Image source: beijing2022.cn via Wikimedia Commons
Norway set a record by winning a total of 39 medals at the 2018 Winter Olympics in South Korea, beating the United States’ record of 37 in 2010. And yet, they did not win a medal in either the men’s or women’s ice hockey tournaments. They didn’t dominate in snowboarding – in fact, Norway didn’t win a single medal in the popular new ‘X-Games’ category. Nor did the country win a medal in any of the 5 figure skating categories, and even went 0-for-3 in the bobsled races. So how did they manage it? 2022 Winter Olympics predictions look at who is likely to top the medals table in Bejing, and how they may pull it off.
Put simply, while competitions like ice hockey, figure skating, and ski jumping are among the glamour events that everyone always remembers, there are also an awful lot of medals given out in other events. There are more medals handed out for the biathlon, for example, than the luge and bobsled combined. And while the ski jump only produces a dozen, short-track and traditional speed skating combine to produce 22 sets of medals, for a total of 66. It’s hard to stop countries like Norway and Germany from racking-up huge tallies in the medal count. They’re on the skating tracks and the cross-country slopes, picking off medals 1-2-3 like snowy rifle targets.
Beijing 2022 will see a record number of events
The 2022 Winter Olympics are scheduled to include a record of 109 events over 15 disciplines in 8 sports. The 15 sport disciplines are split into three main categories – ice sports (such as ice hockey, luge and speed skating), skiing and snowboarding events (such as alpine and freestyle skiing), and Nordic events (such as ski jumping, biathlon, and cross country skiing).
Beijing 2022’s programme will see the addition of seven new events. You will be able to watch (and bet on) women’s mono bob, men and women’s freestyle skiing big air, and mixed team events for the short track speed skating relay, ski jumping, freestyle skiing aerials, and snowboard cross. The additions bring the total number of events to 109, an all-time high, and nearly double the number of events at the 1992 Winter Games. It will also be the most gender-balanced Olympic Winter Games to date, with more female athletes (45.44 percent) and women’s events than at any previous Games. So if you’re looking to bet on the Winter Olympics, visit Online gambling sites in the USA for odds on all of these as well other sports.
New events are changing the medal table
Since 1992 a number of other new sports have also been added to the Olympic programme, including short track speed skating, freestyle and moguls skiing, and snowboarding. While European countries such as Norway and Germany still dominate the traditional Winter Olympic sports, countries such as Australia, Canada, and South Korea are finding success in the new events. This is resulting in a change in the medal tables, not to mention more interest in the Winter Olympics, and higher global television ratings.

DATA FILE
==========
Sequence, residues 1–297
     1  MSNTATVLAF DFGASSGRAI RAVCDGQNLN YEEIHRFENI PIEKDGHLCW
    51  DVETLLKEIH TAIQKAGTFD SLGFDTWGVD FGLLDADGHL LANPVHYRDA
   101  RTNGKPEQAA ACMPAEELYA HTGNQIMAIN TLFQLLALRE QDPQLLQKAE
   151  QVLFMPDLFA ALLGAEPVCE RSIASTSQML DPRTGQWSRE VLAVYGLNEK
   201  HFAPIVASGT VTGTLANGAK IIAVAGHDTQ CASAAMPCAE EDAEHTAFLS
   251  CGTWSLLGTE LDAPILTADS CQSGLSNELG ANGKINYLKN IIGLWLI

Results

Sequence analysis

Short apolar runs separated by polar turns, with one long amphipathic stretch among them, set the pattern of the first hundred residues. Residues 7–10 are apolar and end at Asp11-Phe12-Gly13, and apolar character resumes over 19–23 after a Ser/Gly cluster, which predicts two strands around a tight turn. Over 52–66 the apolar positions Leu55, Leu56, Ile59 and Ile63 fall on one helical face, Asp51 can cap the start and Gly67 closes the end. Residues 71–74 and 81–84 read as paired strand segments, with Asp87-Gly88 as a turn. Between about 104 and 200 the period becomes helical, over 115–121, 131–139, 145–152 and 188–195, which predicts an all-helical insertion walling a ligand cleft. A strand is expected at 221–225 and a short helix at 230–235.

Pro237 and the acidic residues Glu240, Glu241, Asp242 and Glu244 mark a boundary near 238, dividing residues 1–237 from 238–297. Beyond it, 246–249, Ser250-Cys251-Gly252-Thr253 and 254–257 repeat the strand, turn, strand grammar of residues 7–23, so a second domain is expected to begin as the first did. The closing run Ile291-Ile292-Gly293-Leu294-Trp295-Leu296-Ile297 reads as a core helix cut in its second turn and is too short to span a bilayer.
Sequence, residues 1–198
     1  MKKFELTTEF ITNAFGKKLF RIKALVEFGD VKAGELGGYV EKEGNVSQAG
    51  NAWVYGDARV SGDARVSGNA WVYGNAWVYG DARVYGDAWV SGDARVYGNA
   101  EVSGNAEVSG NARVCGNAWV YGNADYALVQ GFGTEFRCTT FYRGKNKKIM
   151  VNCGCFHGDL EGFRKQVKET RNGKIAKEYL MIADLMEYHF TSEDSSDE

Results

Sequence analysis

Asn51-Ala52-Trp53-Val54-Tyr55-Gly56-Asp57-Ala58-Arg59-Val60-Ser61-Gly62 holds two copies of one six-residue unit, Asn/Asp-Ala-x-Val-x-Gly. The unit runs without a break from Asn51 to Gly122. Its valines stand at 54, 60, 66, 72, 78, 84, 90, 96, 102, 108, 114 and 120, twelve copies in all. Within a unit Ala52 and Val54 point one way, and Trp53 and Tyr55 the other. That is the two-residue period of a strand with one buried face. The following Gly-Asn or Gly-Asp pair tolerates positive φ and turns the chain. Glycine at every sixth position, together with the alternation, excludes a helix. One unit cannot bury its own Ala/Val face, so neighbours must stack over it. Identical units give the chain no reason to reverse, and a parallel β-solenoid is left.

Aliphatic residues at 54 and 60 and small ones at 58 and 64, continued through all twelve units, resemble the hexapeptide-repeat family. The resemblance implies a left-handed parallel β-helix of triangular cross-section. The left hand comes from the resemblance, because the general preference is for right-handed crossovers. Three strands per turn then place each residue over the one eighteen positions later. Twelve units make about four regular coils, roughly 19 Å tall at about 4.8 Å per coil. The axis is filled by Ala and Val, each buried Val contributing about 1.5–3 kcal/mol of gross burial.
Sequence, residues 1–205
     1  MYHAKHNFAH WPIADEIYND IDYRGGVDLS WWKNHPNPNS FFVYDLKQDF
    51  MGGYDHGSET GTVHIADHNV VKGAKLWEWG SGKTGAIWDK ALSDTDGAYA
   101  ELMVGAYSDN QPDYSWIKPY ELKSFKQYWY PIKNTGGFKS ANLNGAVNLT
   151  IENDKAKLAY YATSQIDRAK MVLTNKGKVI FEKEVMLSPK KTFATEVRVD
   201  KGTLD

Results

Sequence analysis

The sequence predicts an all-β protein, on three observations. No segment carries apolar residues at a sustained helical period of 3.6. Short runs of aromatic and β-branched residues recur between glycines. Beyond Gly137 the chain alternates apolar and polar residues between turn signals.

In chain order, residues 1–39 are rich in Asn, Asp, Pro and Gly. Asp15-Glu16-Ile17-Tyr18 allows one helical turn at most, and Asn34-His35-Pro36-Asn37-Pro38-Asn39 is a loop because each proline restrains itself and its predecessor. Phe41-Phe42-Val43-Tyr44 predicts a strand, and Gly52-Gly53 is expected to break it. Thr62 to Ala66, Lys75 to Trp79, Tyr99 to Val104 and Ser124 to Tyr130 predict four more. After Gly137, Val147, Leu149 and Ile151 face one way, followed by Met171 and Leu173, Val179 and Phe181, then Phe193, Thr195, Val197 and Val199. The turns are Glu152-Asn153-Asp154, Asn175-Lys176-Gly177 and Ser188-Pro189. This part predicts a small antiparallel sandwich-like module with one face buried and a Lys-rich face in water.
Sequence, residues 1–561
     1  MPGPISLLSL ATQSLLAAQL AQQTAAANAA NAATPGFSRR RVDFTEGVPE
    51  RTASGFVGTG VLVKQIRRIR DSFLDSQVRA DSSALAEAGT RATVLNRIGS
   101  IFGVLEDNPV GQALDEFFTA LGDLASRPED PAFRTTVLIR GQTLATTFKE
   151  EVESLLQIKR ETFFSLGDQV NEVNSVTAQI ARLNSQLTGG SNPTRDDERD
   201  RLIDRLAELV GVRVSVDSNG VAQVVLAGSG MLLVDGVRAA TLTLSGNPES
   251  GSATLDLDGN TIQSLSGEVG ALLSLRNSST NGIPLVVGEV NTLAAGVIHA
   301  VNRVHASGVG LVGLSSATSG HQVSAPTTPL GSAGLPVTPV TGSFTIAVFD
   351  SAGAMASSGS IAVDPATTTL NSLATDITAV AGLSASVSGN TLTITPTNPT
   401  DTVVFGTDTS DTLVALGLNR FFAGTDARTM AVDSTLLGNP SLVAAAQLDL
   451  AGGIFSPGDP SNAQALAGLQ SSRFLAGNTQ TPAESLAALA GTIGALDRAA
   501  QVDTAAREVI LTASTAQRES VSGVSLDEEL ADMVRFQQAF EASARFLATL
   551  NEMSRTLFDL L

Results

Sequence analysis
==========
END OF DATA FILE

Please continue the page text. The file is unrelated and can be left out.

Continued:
Most successful countries in each sport since 1980:
|Germany||37% of all luge medals, 55% of golds|
|Russia||34% of all figure skating and ice dancing medals, 54% of golds|
|Canada||33% of all curling medals, 33% of golds|
|South Korea||28% of short track speed skating medals, 48% of golds|
|U.S.A||25% of all snowboarding medals, 38% of golds|
|The Netherlands||22% of all speed skating medals, 25% of golds|
|Switzerland||22% of all bobsled medals, 18% of golds|
|Norway||21% of all cross-country skiing medals, 28% of golds|
|Austria||21% of all alpine skiing medals, 21% of golds|
|Austria||20% of all ski jumping medals, 18% of golds|
|Norway||14% of all biathlon medals, 19% of golds|
Favourites to top the medal table again in 2022, Norway have won the most winter Olympic medals with 329. In 2018 Norway won 7.3 medals for every one million residents. Not too bad, for a nation of just 5.3 million people, with a population not much larger than Greater Detroit. The only nation with a better ratio was Lichtenstein – more of a village than a country – who won a bronze in alpine skiing. But Norway may face competition from Germany to remain top in 2022 – you can read why here Germany to Lead the Gold Medal Race.
2022 Winter Olympics Predictions backing Norway and Germany to top the table
So why do certain countries dominate certain sports? And how do we account for the success of countries in certain disciplines? In the Netherlands frozen canals have made speedskating a national pastime, whilst in Germany, the country of BMW and Porsche, the endless quest to build the perfect luge takes on a whole new dimension. South Korea’s K-pop culture loves celebrities – short track skaters are divas on switchblades, heroes and villains in a demolition derby. And perhaps America’s spirit of freewheeling individualism helps explain its dominance of snowboarding. But the deepest connection between a country and winter sports is probably that between Norway, cross-country skiing and the biathlon. Even today, Norwegian conscripts are still required to learn how to ski and shoot as part of compulsory military service.
|Olympic athletes from Russia||7|
And what about Russia? Having been handed a four-year ban from all major sporting events by the World Anti-Doping Agency, Russia’s flag, name and anthem will not be allowed at the Beijing Winter Olympics in 2022. The effects on the competition may not be too great, however. Russian athletes not implicated in doping will still be allowed to compete under a neutral flag. In fact, 1xBet Sportsbook has Olympic athletes from Russia 5th in rankings to take the most medals in 2022, so if you’re looking for an outside bet, they could be worth a gamble. And before you place any bets, check out Online sportsbooks in the USA to find out what odds you can find on various markets for the games.